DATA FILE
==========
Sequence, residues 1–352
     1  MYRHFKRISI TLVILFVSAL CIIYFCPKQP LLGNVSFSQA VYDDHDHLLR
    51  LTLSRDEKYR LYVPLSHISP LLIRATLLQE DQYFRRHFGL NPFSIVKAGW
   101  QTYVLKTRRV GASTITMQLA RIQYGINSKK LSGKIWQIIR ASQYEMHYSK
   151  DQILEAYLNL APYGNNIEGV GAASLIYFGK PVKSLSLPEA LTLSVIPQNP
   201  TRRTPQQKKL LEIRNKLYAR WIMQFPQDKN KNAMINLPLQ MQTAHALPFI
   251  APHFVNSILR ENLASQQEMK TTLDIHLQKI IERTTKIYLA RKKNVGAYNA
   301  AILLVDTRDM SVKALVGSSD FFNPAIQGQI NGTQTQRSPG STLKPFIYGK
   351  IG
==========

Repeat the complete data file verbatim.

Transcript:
Sequence, residues 1–352
     1  MYRHFKRISI TLVILFVSAL CIIYFCPKQP LLGNVSFSQA VYDDHDHLLR
    51  LTLSRDEKYR LYVPLSHISP LLIRATLLQE DQYFRRHFGL NPFSIVKAGW
   101  QTYVLKTRRV GASTITMQLA RIQYGINSKK LSGKIWQIIR ASQYEMHYSK
   151  DQILEAYLNL APYGNNIEGV GAASLIYFGK PVKSLSLPEA LTLSVIPQNP
   201  TRRTPQQKKL LEIRNKLYAR WIMQFPQDKN KNAMINLPLQ MQTAHALPFI
   251  APHFVNSILR ENLASQQEMK TTLDIHLQKI IERTTKIYLA RKKNVGAYNA
   301  AILLVDTRDM SVKALVGSSD FFNPAIQGQI NGTQTQRSPG STLKPFIYGK
   351  IG